My primary teaching interests are Legislation, Constitutional Law, Jurisprudence, Civil Procedure, and Administrative Law. My secondary teaching interests include Evidence, Federal Courts, Criminal Law, and Professional Responsibility.

On this page, you can learn more about my approach to teaching and the different courses that I've taught. You can also find a summary of my past teaching evaluations and download the full evaluations.

Screen Shot 2022-02-21 at 1.51.08 AM


Legal Research and Writing, Harvard Law School, Fall 2022, Spring 2023, Fall 2023 & Spring 2024

This course teaches the fundamental skills of researching and writing as a lawyer. Students learn these skills through readings, in-class discussion and exercises, one-on-one meetings with me, drafting memos and an appellate brief, and participating in an oral argument.

Introduction to Philosophy (assisting Shaun Nichols), Cornell University, Spring 2021

This course surveyed topics in philosophy, including knowledge and skepticism, the mind-body problem, the nature of the self, normative ethics, and free will and moral responsibility. Students encountered a breadth of material, ranging from traditional readings in philosophy to contemporary experimental work. I led a weekly discussion section and graded students' written work.

Moral Dilemmas in the Law (assisting Andrei Marmor), Cornell University, Fall 2019 & Fall 2020

This course applied ideas from moral philosophy to legal contexts. We considered questions like: When is the state justified in punishing offenders? When is self-defense justified? When is discrimination wrongful? And what is the right to privacy and why does it matter? Readings included both legal cases and philosophical commentary. I led a biweekly discussion section and graded students' written work.

Introduction to Ethics (assisting Julia Markovits), Cornell University, Spring 2020

This course introduced students to classic and contemporary work on ethics. We discussed issues in metaethics (the meaning of moral language and whether morality is, in any sense, objective), normative ethics (consequentialist versus deontological ethics), and moral character (praiseworthiness and moral luck). I led a weekly discussion section and graded students' written work.

Teaching Evaluations

I'm deeply committed to teaching my students and helping them advance in their careers, and I've been rewarded with consistently positive teaching evaluations. You can find the full teaching evaluations for every course that I’ve taught here.

The bullet points below aggregate the numerical evaluations that I've received thus far for teaching Legal Research and Writing (1= Not effective, 5=very effective):

  • Ability to present material clearly:            4.86
  • Ability to respond to questions in class:  4.87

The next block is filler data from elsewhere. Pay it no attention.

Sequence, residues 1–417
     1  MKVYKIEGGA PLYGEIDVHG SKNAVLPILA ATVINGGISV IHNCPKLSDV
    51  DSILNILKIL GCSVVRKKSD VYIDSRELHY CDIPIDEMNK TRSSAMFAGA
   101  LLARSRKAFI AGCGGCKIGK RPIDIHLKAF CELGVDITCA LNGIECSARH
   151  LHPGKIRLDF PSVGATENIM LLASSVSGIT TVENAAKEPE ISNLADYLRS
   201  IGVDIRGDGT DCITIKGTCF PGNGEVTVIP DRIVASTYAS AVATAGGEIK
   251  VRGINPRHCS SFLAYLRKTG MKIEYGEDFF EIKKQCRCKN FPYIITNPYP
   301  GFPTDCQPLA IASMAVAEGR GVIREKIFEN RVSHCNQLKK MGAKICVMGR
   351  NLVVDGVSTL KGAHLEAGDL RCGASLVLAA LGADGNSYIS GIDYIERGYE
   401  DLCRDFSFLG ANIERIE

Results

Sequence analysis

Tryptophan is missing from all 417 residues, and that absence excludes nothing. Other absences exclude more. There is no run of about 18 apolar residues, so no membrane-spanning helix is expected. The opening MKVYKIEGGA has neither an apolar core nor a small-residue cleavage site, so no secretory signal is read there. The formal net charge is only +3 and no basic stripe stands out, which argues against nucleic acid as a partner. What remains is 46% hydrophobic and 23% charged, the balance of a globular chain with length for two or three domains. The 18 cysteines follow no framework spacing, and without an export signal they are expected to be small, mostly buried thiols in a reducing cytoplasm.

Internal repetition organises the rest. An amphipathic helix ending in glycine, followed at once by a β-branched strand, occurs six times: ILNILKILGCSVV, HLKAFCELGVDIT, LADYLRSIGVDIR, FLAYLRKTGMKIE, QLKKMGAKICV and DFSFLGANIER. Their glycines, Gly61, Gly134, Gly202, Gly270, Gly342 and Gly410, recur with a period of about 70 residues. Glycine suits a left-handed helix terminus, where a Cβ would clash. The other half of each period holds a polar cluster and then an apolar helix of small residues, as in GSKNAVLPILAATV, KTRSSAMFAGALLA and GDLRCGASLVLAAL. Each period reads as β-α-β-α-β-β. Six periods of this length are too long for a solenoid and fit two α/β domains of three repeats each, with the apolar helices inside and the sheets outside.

• Level of preparation for class:                   4.97
  • OVERALL teaching effectiveness:              4.85

Keep reading to see specific comments that students have made about my teaching.

"Bill was an incredibly useful mentor and teacher. He gave thoughtful, in-depth, and over and beyond feedback on my memo. He came prepared to every conference."

"[Bill] had a wonderful command of the classroom and mixed technical and real-world knowledge. He was also very approachable both during and outside of class."

"Bill gave incredibly clear feedback. The conferences made it abundantly clear that he really cared about each student’s work and gave thoughtful, tailored feedback."

"I appreciate both his skill as a teacher and empathy as a person. I felt very comfortable going to him with questions and ideas. Thank you Bill for making LRW one of my favorite classes of the semester!"

"Bill is very approachable and responsive to student questions, answering them clearly and specifically. He also encourages us to think critically and do our own thinking/research."

"Bill always gave very clear, constructive suggestions on how to improve my writing. He also made sure to check in with us to see how we were doing emotionally/in life (outside of LRW), which made me feel respected."

“Bill is easily the best TA I’ve ever had at Cornell.  I would gladly take any class if he was the TA for it.  He gives great feedback and provides a thorough answer to every question asked, and it is clear that he has a grasp on all of the concepts we discuss.”

“Bill’s sections helped clear up this confusion [about the course material] 100%. He broke down every concept for us and created an environment where we could ask any questions with little pressure. He is the most helpful TA I have ever met in my undergraduate career.”

“I found myself more open to the idea of, as well as in need of, outside help from a person like Bill.  Bill has exceeded my expectations with regards to his wealth of knowledge relating to the subject matter, in addition to his capacity to provide useful and constructive help.”

“I appreciated Bill’s genuine interest in helping students to understand the material and learn how to improve their writing…. The edits he made and the time he took to meet with me was very valuable to [me] in both learning the material and finding passion in this subject.”

“It was a pleasure having Bill Watson as a TA!  He is a genuinely good scholar who cares a lot about the success of his students.  He was always able to meet with me when I needed to look at our assignments or talk about something I didn’t understand.”

“Bill Watson is the best TA I’ve ever had in my life .... He explains things so well and doesn’t move on until students really understand the subject matter. He goes out of his way to help students (i.e. his office hours are very flexible, answers emails promptly, etc.) and is really fair with grading.”